Turkey has predictably responded in a swift and fierce manner to Joe Biden’s Saturday statement in recognition of the historic Armenian Genocide, becoming the first US President to do so: “Each year on this day, we remember the lives of all those who died in the Ottoman-era Armenian genocide and recommit ourselves to preventing such an atrocity from ever again occurring,” Biden wrote on Armenian Genocide Remembrance Day.
“Today, as we mourn what was lost, let us also turn our eyes to the future – toward the world that we wish to build for our children. A world unstained by the daily evils of bigotry and intolerance, where human rights are respected, and where all people are able to pursue their lives in dignity and security,” Biden continued. “Let us renew our shared resolve to prevent future atrocities from occurring anywhere in the world. And let us pursue healing and reconciliation for all the people of the world.”
Minutes after the declaration was issued, Turkish Foreign Minister Mevlut Cavusoglu said that Turkey “entirely rejects” the US characterization of the event. Cavusoglu said it will only serve to “open a deep wound” in bilateral ties.
Turkey further called the US change in policy toward recognition of “genocide” a distortion of “historical facts”:
“This statement of the US, which distorts the historical facts, will never be accepted in the conscience of the Turkish people, and will open a deep wound that undermines our mutual trust and friendship,” Turkey’s foreign ministry said, adding it rejected and denounced the statement “in the strongest terms”.
“We have nothing to learn from anybody on our own past. Political opportunism is the greatest betrayal to peace and justice,” Cavusoglu said further. “We entirely reject this statement based solely on populism.”
“Words cannot change or rewrite history.”
We have nothing to learn from anybody on our own past. Political opportunism is the greatest betrayal to peace and justice.
We entirely reject this statement based solely on populism.#1915Events
— Mevlüt Çavuşoğlu (@MevlutCavusoglu) April 24, 2021
Another top Turkish official told the United States it should focus on its own ugly past instead of lecturing others.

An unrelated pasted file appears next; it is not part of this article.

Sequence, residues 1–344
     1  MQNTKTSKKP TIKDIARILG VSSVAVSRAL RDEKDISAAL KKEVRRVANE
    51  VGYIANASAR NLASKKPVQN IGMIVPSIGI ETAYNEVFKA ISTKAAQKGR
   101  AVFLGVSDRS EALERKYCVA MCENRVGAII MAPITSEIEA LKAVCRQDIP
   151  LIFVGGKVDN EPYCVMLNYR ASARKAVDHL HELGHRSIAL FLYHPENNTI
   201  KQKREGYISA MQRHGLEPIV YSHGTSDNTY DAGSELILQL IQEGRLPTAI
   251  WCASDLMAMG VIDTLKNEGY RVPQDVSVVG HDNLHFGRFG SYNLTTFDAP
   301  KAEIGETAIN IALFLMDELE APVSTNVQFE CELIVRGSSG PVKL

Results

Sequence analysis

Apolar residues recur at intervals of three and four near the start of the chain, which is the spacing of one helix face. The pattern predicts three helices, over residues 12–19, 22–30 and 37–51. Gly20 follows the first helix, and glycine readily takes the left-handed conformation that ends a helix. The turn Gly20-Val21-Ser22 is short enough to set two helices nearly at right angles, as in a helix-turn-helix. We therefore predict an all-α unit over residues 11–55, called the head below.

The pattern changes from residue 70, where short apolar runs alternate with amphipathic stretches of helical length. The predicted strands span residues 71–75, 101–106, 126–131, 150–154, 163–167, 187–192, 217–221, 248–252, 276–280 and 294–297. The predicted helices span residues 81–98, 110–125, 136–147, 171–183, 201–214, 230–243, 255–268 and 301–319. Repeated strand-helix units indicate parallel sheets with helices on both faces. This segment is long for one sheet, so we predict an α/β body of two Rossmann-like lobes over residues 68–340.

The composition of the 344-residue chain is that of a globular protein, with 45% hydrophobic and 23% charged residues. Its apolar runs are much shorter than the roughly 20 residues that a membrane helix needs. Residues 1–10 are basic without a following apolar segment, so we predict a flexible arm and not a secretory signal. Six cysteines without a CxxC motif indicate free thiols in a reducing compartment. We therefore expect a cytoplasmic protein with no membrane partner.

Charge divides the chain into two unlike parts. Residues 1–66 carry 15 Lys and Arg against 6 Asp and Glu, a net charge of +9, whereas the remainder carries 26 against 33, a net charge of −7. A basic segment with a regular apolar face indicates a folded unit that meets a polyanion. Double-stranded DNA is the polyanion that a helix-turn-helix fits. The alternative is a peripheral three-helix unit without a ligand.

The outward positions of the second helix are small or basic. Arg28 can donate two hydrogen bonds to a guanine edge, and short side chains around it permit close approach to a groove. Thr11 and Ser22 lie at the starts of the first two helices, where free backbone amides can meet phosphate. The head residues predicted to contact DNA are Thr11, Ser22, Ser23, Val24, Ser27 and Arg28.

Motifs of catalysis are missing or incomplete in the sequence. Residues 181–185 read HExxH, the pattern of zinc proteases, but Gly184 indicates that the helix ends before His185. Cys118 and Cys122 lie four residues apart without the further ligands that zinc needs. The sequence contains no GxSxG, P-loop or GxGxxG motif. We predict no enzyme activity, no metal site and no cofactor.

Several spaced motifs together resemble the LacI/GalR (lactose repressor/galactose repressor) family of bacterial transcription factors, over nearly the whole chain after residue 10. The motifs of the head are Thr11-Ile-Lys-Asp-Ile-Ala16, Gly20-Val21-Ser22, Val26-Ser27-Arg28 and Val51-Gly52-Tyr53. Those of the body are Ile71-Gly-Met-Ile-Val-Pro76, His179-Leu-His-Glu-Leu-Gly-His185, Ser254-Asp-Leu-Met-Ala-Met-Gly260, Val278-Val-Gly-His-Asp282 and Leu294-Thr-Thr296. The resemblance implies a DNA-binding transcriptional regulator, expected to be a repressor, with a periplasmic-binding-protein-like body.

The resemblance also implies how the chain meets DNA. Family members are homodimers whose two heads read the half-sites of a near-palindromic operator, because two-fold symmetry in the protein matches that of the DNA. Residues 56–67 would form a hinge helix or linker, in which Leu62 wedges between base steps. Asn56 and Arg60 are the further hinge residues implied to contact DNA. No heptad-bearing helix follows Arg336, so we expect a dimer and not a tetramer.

Turkey’s official position has long been that wartime (connected with the events of WWI) deaths of Armenians were a few hundred thousand and that they weren’t a targeted ethnic group, while historians have tended to recognize around a million or more deaths in the name of ‘Turkification’.
A huge number of Greek and Assyrian Christians were also massacred or left to die in the middle of the northern Syrian desert.
It’s official: President Biden has officially recognized the Armenian genocide.
“The American people honor all those Armenians who perished in the genocide that began 106 years ago today.” https://t.co/QfWcFKD7Lv
— Christopher Miller (@ChristopherJM) April 24, 2021
Previously Presidents Barack Obama and Donald Trump carefully avoided using the term “genocide” when addressing historic atrocities in Asia Minor – so as not to offend the key NATO ally, particularly when the Pentagon relied so heavily on Turkish bases related to the war in Syria.
It’s also of note that Biden’s Saturday statement referenced Constantinople as opposed to Turkey’s modern name of Istanbul – which is also sure to be generally seen by the Turks as an offence (though still an accurate historical reference)…
“Beginning on April 24, 1915, with the arrest of Armenian intellectuals and community leaders in Constantinople by Ottoman authorities, one and a half million Armenians were deported, massacred, or marched to their deaths in a campaign of extermination,” the White House statement said.